The Six Swans: This Grimm fairytale features a female protagonist who endures seven years of hardship to free her six (or sometimes seven) brothers who have been transformed into swans. The strong, initiative-taking heroine would fit right in with OUaT’s cast. And, while she does marry a king in the end, the focus of the story is sororal and fraternal love, something that has been underrepresented on OUaT.

Scheherazade: In addition to being one of the bravest and cleverest heroines in literature and a good example of non-martial courage, Scheherazade would bring much-needed diversity to OUaT (assuming they didn’t kill her off after a few episodes). Now, OUaT has a history of amalgamating the Middle East and casting actors of the wrong ethnicities. So, to do Scheherazade justice, the creative team would have to put unprecedented effort into authenticity—which isn’t saying much—by, say, designing sets and costumes accurate to the Persian Golden Age and casting an Iranian actress. But it would be worth it, OUaT, I swear.

Layla and Majnun: If done well, these two could rival Snow White and Charming, Emma and Hook, and Belle and Gold in adorability and Feels. The story of Layla and Majnun originated as a poem in ancient Arabia about star-crossed lovers who die of broken hearts after being separated (there are several variations of the story, but this is the one I’m sticking with). While I’m not usually a fan of romances in which the lovers can’t live without each other, Layla and Majnun deserve mentioning because, in addition to featuring Arab protagonists (diversify, OUaT, it’s 2014), it describes the female love interest, Layla, as ugly. When someone brings this to Majnun’s attention he says, “You should see my Layla with my eyes. It is the eyes of my heart you need.” Excuse me while I go hug myself and squee into a pillow.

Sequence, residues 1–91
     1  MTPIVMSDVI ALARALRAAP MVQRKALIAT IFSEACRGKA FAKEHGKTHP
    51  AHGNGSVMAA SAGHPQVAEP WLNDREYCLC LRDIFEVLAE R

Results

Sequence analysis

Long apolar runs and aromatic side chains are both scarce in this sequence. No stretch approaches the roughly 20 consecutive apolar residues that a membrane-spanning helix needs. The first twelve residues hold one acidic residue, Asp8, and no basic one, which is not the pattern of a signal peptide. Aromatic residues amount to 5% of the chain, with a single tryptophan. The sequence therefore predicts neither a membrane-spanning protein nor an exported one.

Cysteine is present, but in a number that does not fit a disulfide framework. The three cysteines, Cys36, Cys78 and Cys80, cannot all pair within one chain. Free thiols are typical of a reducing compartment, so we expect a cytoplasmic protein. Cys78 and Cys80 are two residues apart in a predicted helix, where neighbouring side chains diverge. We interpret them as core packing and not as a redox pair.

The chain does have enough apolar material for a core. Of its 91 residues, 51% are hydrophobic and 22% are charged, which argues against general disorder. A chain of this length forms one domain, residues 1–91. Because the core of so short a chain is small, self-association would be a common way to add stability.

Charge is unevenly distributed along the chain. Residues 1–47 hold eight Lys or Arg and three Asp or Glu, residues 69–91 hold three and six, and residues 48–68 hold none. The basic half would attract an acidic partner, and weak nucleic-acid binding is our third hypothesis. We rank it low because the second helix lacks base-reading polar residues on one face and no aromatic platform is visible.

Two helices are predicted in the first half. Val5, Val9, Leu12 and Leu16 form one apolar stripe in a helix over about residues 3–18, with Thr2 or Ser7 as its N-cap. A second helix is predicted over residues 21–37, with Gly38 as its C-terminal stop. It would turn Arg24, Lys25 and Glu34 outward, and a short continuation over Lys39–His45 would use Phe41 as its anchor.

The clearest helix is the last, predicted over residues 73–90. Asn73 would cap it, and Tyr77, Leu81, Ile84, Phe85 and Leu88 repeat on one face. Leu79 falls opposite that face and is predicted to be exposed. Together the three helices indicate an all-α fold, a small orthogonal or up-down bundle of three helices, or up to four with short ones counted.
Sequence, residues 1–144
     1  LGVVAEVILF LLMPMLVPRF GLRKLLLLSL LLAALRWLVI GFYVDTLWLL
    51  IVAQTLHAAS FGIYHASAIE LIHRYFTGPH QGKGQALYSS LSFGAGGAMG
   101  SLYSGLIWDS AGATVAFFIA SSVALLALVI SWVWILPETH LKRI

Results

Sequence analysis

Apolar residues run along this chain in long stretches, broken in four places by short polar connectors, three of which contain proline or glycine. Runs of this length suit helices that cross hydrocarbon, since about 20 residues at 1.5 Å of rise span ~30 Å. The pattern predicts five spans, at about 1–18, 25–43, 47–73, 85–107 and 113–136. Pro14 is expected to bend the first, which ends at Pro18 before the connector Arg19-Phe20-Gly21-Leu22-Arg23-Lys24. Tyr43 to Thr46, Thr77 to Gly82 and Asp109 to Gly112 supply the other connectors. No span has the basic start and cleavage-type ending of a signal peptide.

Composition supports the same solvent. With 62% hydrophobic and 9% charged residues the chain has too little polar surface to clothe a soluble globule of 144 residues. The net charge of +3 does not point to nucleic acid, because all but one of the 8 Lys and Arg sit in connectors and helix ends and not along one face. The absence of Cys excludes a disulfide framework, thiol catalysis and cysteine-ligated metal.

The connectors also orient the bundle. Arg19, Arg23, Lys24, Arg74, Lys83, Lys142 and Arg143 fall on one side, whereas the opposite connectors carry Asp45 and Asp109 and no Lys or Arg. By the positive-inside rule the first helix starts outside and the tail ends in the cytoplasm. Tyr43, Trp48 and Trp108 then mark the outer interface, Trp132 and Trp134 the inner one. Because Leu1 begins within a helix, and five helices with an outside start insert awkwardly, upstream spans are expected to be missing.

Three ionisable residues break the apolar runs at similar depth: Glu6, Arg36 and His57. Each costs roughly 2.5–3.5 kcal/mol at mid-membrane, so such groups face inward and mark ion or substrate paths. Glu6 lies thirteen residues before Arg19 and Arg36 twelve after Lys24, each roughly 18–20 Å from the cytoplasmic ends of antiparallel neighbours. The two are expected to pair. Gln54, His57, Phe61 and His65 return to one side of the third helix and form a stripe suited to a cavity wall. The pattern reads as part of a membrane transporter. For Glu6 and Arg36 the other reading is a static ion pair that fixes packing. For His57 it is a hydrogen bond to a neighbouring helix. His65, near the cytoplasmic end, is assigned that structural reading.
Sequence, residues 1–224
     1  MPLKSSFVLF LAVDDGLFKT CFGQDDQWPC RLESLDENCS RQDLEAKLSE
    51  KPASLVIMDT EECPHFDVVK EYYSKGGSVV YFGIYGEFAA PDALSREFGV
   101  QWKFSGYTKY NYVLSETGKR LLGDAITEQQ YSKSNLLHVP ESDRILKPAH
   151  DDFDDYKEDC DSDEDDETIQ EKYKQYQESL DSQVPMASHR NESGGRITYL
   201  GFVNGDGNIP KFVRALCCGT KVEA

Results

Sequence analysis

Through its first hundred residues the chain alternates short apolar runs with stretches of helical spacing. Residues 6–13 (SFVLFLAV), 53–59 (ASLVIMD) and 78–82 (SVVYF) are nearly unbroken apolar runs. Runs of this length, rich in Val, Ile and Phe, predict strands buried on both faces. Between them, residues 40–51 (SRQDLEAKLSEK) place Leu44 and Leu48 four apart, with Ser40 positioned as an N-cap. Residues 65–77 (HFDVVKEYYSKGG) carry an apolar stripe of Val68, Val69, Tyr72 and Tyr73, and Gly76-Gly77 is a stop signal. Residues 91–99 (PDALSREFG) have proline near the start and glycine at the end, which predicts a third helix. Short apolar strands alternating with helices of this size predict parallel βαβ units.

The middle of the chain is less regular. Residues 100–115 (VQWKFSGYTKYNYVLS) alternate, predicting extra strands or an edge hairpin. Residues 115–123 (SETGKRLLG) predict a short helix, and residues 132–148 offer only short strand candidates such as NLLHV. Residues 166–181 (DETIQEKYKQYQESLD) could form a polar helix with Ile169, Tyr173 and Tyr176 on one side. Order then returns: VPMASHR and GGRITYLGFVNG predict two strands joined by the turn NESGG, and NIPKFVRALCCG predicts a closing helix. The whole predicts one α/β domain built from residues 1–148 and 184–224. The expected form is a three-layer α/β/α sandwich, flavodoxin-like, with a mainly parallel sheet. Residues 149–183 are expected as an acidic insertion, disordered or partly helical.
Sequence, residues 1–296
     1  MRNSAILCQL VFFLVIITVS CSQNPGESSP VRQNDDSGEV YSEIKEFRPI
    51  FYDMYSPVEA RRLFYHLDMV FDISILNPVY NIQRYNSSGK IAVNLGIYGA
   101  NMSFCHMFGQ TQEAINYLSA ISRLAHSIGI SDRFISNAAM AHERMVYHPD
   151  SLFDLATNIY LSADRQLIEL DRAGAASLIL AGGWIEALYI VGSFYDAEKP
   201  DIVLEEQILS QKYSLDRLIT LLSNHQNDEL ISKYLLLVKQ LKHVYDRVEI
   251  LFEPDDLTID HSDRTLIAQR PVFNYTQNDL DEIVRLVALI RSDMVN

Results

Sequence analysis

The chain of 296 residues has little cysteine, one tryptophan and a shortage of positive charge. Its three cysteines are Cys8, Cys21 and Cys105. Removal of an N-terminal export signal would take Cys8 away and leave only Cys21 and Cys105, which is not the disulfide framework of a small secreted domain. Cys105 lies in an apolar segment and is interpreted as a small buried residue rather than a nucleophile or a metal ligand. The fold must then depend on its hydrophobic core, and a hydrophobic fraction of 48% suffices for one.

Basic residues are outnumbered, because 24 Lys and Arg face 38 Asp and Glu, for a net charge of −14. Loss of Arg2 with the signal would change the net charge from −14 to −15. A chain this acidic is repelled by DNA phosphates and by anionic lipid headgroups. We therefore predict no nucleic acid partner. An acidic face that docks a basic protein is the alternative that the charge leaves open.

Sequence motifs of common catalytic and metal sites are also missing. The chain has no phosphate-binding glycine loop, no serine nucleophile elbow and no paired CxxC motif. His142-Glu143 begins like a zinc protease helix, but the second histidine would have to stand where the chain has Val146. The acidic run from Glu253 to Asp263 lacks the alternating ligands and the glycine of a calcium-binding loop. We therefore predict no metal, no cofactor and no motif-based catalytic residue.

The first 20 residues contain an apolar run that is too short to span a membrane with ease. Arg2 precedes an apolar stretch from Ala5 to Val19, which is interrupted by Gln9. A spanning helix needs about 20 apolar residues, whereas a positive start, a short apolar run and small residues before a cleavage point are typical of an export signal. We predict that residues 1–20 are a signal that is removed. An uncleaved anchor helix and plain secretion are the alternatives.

Of course, the point of assembling this list isn’t really to showcase characters that I desperately want on the show (even though they are). It’s to demonstrate the storytelling potential that OUaT is squandering in favor of leeching off of Disney’s popularity. What next, I wonder? Now that OUaT is willing to bring any Disney property to Storybrooke, should we be expecting Mr. Gold to face off against Loki next season?

(I… am disquieted by how much that prospect excites me)

Petra Halbur is an undergraduate at Hofstra University pursuing a BA in journalism and presently trapped in the world-building phase of writing her science-fantasy novel. You can read more from her at Ponderings of a Cinephile or follow her on Twitter.

Previously in Once Upon a Time